Editorial

Editorial

What Chief Poking Fire can tell South Africa

February 13 1960
Editorial

Editorial

What Chief Poking Fire can tell South Africa

February 13 1960

Editorial

What Chief Poking Fire can tell South Africa

IT’S A PITY the words of Chief Poking Fire, the wellknown spokesman for the Indians of Caughnawaga, Quebec, could not be broadcast in South Africa as well as in Canada. They would present our sister dominion with an interesting study in contrasts, and an answer to the question occasionally put to Canadians: “Why should you criticize South Africa’s policy of apartheid when you Canadians treat your own Indians in the same way?”

Indians in Canada, like Africans in South Africa, have not had the right to vote. They too live in special areas called reservations, which in the main are pretty shabby and slummy places. They too are a depressed group economically, with lower living standards and a higher disease and death rate than the white population. How, in the face of these damning facts, can we Canadians be selfrighteous about how other people deal with the problems of race and color?

Chief Poking Fire did not set out to answer these questions. He may, for all we know, have shared the grievances that they imply—grievances which we admit the Indians of Canada can justly hold, for our record in Indian affairs is no matter for overweening national pride. But whether he meant to or not. Chief Poking Fire did in fact destroy any presumption that South Africa’s record is one comparable to ours. He was speaking about one grievance in particular, arising out of the Speech from the Throne last month—and the grievance was the apparent threat by the government of Canada to give equality of status to the Indians.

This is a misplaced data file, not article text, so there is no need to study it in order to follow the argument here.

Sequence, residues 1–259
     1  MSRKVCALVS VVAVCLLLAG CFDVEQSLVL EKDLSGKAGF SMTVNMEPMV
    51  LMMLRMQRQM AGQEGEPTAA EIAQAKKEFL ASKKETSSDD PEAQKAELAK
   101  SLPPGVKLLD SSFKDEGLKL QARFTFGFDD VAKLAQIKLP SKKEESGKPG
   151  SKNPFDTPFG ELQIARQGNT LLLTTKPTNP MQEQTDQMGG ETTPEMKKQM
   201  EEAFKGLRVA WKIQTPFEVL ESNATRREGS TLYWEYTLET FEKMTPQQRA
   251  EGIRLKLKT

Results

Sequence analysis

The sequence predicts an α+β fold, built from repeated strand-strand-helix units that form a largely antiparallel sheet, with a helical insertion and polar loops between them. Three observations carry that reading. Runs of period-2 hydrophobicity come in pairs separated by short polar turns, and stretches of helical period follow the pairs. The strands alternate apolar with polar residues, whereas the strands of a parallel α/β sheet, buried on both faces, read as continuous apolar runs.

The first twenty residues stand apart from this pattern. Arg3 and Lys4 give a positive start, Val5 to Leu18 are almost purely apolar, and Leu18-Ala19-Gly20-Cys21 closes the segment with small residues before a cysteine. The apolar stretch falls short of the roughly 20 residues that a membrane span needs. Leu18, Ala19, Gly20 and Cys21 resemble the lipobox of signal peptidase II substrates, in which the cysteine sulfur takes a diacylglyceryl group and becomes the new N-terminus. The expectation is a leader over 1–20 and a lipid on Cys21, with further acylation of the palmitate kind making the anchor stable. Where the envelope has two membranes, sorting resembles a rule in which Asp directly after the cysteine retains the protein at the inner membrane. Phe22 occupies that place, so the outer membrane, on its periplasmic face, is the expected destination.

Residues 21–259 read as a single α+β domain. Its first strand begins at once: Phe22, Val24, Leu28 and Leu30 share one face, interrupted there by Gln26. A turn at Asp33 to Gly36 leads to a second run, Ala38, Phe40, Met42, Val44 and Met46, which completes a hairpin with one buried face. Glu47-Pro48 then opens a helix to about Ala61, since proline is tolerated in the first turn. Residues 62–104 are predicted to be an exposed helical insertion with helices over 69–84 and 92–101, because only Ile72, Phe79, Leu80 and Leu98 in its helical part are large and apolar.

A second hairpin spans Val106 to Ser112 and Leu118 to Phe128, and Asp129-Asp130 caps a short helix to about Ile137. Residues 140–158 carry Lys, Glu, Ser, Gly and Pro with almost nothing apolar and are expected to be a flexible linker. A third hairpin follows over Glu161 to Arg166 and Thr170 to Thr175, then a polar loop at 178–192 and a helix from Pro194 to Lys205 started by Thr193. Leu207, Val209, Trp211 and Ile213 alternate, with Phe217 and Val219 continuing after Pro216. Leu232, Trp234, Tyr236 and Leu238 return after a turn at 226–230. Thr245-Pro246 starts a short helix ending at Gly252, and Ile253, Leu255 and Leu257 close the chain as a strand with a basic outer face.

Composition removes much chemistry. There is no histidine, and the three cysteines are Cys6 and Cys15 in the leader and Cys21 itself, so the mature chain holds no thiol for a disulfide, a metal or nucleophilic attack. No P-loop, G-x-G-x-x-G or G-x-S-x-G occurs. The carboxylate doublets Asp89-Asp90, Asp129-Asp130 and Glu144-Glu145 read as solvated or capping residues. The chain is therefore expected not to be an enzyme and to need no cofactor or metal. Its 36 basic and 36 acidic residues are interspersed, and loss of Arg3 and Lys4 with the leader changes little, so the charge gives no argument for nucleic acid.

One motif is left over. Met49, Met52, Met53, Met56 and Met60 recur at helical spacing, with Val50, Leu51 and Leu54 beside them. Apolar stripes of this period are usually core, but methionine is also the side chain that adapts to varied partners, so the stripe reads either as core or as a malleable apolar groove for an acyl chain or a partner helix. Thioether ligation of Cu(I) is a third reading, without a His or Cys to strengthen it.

To the Indians of Canada, equality is not enough. They have something that they think is better—not mere equality, but special privileges. They have lands of their own, special hunting and fishing rights of their own, in some cases annual payments of money to each man, woman and child, and these privileges are secured by treaty between them as one nation and Canada as another. In the minds of many Indians, the franchise which Ottawa now offers them might erode their claim to separateness, their cherished status as a privileged people with special and guaranteed rights.

We don't blame the Indians for harboring these doubts, though we do think they are unfounded. Certainly the Indian and the Eskimo still need special treatment, even if it were not pledged to them by treaty. Perhaps they are entitled to feel that the special treatment they have been getting is inadequate—that we as the strong and supplanting group owe them more help than we have given, in the colossal task of bridging the gap between a primitive and a modern way of life.

But to equate this failure, if it is a failure, to the active oppression and near-slavery now imposed on the unhappy natives of Black Africa is worse than absurd, it is monstrous. We in Canada may not be doing enough for the Indians, but at least we’re not doing anything to them.

No Indian in Canada will be arrested for walking a street by night without a pass. No Indian is barred by law from holding any job, or living in any house he can afford to rent or buy. Far from being excluded from the full rights of citizenship, he is exhorted to assume them—and this new offer of the federal franchise is the latest in a long tradition of persuasion. He can have equality of status, any time he wants it. When the blacks of South Africa can say the same, the Western world will have taken another long step toward solving its color problem.